403(b) Good Part IV: What Non-Discrimination Rules? – Employer Contributions

October 7, 2008 (PLANSPONSOR (b)lines) - In Part III (September 2, 2008), we talked about the 403(b) non-discrimination rule applicable to employee deferrals - referred to as the universal availability rule. In this column, we discuss the rules for employer contributions (found in section 403(b)(12)(A)(i) and Treas. Reg. §1.403(b)-5(a)).
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First, a reminder regarding the plans to which these rules apply:   (1) church plans are exempt from all the 403(b) non-discrimination rules ( see section 403(b)(1)(D)); and (2) school district plans are exempt from the employer contribution rules ( see section 403(b)(12)(C), except for the limit on the amount of annual compensation that may be taken into account for plan purposes (currently, $230,000).  

So who is covered?   Plans of tax-exempt entities that are neither churches nor governmental entities.   (And keep in mind that these plans would also be subject to additional requirements under ERISA, such as the vesting rules.   Because we are talking about plans to which employer contributions are made, they do not qualify for the limited-employer-involvement exemption created by DOL Regulation §2510.3-2(f).)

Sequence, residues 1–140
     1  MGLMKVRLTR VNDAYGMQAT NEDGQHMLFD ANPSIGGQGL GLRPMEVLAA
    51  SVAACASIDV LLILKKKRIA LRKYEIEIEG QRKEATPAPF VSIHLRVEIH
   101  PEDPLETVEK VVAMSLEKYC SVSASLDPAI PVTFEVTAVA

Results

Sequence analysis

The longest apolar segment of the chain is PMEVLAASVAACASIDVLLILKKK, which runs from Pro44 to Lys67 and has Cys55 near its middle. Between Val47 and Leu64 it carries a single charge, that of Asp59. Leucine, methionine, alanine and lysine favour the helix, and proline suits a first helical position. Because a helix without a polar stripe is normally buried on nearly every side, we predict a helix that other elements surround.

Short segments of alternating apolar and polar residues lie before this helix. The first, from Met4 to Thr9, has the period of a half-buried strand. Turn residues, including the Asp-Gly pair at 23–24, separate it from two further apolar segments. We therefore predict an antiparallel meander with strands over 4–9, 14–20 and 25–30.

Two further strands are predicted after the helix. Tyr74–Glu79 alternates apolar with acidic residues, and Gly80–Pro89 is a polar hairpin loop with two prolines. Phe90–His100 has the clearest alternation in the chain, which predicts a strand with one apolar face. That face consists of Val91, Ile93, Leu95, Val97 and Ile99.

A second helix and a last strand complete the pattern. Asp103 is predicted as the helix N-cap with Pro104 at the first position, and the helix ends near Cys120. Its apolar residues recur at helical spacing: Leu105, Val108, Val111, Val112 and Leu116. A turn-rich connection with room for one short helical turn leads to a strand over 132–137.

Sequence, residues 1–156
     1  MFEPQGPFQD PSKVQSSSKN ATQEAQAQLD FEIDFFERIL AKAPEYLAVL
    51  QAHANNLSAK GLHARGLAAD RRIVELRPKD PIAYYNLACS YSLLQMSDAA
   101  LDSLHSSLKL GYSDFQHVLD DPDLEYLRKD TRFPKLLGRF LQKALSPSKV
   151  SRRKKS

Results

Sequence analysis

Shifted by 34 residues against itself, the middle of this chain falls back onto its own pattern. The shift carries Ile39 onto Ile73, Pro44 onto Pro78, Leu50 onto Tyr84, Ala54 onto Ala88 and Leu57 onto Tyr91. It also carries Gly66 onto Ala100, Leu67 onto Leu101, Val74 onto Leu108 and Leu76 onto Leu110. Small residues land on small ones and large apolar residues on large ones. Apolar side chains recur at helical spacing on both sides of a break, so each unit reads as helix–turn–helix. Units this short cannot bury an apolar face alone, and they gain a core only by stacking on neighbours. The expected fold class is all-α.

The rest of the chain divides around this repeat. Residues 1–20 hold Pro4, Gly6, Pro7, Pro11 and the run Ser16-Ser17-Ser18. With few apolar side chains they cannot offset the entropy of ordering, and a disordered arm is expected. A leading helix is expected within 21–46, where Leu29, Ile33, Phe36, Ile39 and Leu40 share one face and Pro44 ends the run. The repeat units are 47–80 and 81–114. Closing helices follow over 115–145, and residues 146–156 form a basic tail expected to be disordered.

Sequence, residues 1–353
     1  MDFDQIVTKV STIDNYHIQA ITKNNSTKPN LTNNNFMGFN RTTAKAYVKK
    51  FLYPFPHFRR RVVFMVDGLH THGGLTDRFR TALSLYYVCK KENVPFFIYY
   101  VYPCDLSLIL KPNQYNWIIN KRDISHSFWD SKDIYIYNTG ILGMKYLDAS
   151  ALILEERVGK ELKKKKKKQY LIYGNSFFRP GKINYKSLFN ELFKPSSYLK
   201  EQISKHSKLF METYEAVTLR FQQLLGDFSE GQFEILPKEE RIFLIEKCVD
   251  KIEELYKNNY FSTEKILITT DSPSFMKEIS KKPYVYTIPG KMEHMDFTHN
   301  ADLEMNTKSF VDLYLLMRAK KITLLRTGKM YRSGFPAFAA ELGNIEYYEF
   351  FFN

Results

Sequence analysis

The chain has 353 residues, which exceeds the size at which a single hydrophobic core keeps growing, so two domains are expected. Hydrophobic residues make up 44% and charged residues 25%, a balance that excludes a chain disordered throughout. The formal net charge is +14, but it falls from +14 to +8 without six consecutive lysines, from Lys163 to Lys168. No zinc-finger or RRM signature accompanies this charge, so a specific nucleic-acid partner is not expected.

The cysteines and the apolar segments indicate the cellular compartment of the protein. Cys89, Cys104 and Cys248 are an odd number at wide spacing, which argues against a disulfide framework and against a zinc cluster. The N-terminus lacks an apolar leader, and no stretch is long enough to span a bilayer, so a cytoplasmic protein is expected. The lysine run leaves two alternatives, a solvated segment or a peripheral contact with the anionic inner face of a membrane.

The employer contribution non-discrimination rules are incorporated by reference to certain of the requirements applicable to qualified plans.   They are (section references are to the provision incorporated into the 403(b) requirements):

  • The plan cannot discriminate in favor of “highly compensated employees” ( i.e, those whose total compensation for the prior year exceeded a certain amount, currently $105,000, referred to as HCEs).    (Section 401(a)(4), plus special rules under section 401(a)(5)).  
  • The plan must limit employee compensation taken into account for purposes of determining the percentage contribution (this is the rule mentioned above for school district plans – section 401(a)(17)).
  • The plan must satisfy average contribution percentage rules related to matching contributions and employee after-tax deferrals.   (Section 401(m)).
  • The plan must meet a percentage or “average benefits” coverage rule.   (Section 410(b)).

So what does all this mean in practice?  

First, it means that the employer generally cannot make a larger contribution as a percentage of pay for the HCEs than it does for the lower paid - except under a special "permitted disparity" rule.   (Under the latter rule, the employer could make a larger contribution for employees earning above the Social Security wage base (currently, $102,000) under rules found in Code section 401(l).)    The general rule essentially means that if the HCEs receive a contribution equal to 6% of pay, the low paid would need to receive the same percentage of pay contribution.   Note, however, that the employer could provide lower or no contributions for the HCEs, since the requirement is only that you cannot discriminate in favor of the high paid.

Second, consider the annual compensation limit.   Suppose an executive earns $300,000, and the entity makes a $23,000 contribution on his or her behalf.    Mathematically, that is a contribution equal to 7.66% of pay.   However, under the compensation limit of $230,000, it is treated as a 10% of pay contribution - which means that the rest of the employees would need to get a 10% of pay contribution.